When we asked for more explanation on how destination fees are calculated, almost all of the manufacturers we contacted repeated the same vague formulation: They’re simply the average of what it costs to deliver a model from U.S. factories or ports to the closest and most distant dealerships. (This ensures that customers don’t pay more or less based on location.) None would provide a detailed breakdown of how they calculate the fees on any particular model.

Raising Fees for Profit?

That lack of transparency has led many to wonder why delivery costs are foisted on consumers at all. Car buyers often pay extra for options like leather seats and high-end sound systems, but delivery is no more optional than a windshield. And almost no other business expects consumers to pay separately to send goods to stores.

“The automaker should be responsible for getting their product to the retailer, just like eggs to a grocery store or electronics to a store such as Best Buy,” says Jack Gillis, executive director of the Consumer Federation of America.

The conclusion of many consumer advocates is that inflating destination fees is just a way for automakers to boost the bottom line without officially raising prices. “There is no reason why destination charges are not incorporated into the cost of the vehicle,” Gillis says, “except that it enables the manufacturer to charge more.”

Dan Bedore, an independent consultant with 25 years of executive experience at several car manufacturers, puts it more starkly. “[Destination] ends up being another lever the business can pull to increase revenue,” he says. “It does not take a mathematician to understand the value of a $100 increase to a company that sells 2 million units a year.”

Know Your Fees
What it is: Aka the dealer conveyance fee, it’s a charge for processing the title, registration, and the like.
Typical range: $75-$800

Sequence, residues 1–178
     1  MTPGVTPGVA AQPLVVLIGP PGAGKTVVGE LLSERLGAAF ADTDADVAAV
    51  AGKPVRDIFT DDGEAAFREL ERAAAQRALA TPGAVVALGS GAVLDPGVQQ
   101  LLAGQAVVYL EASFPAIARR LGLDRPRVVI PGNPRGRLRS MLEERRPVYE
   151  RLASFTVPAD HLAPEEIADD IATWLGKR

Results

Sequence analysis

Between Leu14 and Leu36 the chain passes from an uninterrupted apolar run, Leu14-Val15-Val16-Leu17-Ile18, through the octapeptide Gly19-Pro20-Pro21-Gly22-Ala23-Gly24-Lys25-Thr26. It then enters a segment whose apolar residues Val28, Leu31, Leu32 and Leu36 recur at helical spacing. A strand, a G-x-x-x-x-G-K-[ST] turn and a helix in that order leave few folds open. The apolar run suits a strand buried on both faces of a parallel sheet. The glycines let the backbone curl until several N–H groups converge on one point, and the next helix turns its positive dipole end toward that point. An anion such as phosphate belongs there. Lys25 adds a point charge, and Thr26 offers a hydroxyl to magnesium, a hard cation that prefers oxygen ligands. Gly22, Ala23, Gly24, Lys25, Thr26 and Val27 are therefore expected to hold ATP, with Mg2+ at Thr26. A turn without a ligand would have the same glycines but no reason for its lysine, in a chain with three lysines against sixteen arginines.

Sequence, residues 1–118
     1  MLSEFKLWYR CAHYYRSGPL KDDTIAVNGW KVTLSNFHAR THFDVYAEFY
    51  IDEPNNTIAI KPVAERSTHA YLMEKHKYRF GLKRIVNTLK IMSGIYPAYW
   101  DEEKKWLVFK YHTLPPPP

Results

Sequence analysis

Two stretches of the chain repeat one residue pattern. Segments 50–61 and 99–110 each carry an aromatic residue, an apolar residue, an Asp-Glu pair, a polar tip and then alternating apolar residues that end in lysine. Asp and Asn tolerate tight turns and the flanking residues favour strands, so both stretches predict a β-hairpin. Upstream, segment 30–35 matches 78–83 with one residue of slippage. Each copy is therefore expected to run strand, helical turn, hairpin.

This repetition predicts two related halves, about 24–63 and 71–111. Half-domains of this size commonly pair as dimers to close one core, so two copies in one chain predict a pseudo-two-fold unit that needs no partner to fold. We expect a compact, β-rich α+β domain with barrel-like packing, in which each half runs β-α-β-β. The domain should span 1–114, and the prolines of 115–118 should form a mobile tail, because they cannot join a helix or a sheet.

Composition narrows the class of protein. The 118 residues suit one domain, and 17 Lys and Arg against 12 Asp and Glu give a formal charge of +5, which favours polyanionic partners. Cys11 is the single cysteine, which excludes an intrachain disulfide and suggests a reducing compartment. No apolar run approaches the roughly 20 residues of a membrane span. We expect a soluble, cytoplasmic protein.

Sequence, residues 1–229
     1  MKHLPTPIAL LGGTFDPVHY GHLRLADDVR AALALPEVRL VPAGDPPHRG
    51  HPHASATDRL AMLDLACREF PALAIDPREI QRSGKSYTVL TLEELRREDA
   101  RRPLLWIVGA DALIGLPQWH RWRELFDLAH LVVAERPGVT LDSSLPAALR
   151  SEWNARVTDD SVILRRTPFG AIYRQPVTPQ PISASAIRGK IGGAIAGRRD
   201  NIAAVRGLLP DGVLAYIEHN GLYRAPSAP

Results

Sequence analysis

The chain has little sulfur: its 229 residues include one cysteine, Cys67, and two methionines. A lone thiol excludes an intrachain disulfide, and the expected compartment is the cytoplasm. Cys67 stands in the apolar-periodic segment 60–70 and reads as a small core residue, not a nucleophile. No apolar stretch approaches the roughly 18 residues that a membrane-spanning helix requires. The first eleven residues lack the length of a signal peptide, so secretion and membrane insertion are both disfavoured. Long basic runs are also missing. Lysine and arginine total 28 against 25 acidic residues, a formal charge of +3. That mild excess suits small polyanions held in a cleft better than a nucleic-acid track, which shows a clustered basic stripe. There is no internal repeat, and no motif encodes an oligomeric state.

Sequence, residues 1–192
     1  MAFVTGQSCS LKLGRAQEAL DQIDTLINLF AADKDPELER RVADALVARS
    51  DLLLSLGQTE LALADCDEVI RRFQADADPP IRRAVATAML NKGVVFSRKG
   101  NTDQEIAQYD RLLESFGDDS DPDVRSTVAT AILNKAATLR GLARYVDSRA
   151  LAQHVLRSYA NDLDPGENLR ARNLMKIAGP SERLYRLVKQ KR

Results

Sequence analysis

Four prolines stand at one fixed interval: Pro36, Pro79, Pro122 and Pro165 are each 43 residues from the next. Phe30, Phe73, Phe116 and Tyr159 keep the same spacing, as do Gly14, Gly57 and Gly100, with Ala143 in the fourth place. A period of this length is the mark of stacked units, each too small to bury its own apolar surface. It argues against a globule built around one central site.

What to do: Negotiate. Eliminating it entirely is hard, but ask for a discount on this fee, on the “out the door” price, or on a dealer-installed accessory such as winter floor mats.
Dealer Prep
What it is: Also called a “vehicle prep” or “predelivery inspection” fee, it often appears on a second sticker next to the official one at the dealership.
Typical range: $100-$500
What to do: Contest it. Along with a full tank of gas, it should be the dealer’s responsibility to take the plastic off the seats and do similar prep.
What it is: Dealers sometimes try to recoup the cost of national and regional advertising campaigns.
Typical range: $100-$1,000
What to do: Refuse it. These costs should be incorporated into the sticker price.
Market Adjustment
What it is: Translation: This is a hot car in short supply. Don’t want to pay this fee? Fine. We’ll sell the car to someone else.
Typical range: $300-$5,000
What to do: Try to negotiate. But unless you find the car elsewhere, you may have little leverage.

How to Get a Better Deal

There’s currently little a consumer can do to avoid paying the destination fees on a new car. “It’s simply a pass-through charge from the automaker to the dealer,” says Jill Merriam, owner of Key Hyundai of Manchester and Key Hyundai of Milford, both in Connecticut, whose sales staff will negotiate the bottom line but not destination charges.

Still, understanding the fees can help you get a better deal. Here are three tips:

Know the fees when you see them (even those in the fine print). Destination fees are listed in the last line item at the bottom of every new car’s window sticker, right above “total MSRP.” But they may not be obvious in advertised or online prices.

Compare apples to apples. Whether you’re comparing various models or the same model at different dealerships, make sure the prices include destination and other fees. When pricing on automaker websites, click through to the summary to see prices with fees included.

Negotiate the bottom line, not the destination fees. Instead of focusing on the delivery charges, insist on discussing your “out the door” price. And don’t be shy about asking for a reduction; car dealers expect you to haggle. Aim to get the price down by $1,000 or so to offset the destination charges.

Editor’s Note: This article also appeared in the April 2021 issue of Consumer Reports magazine. For more information, go to our 2021 Autos Spotlight page.

Mike Monticello

After my dad gave me a ride on his Yamaha two-stroke motorcycle when I was 3, I was hooked on anything with an engine. I got a master’s in journalism as a means to an end: To drive cars and get paid for it, which led me to jobs at Road & Track and My most thrilling moment so far has been hurtling down the autobahn at a GPS-timed 217.1 mph in a Ruf Rt12. On weekends you can find me churning dirt on my mountain bike or doing car or motorcycle track days. Follow me on Twitter. (@MikeMonticello)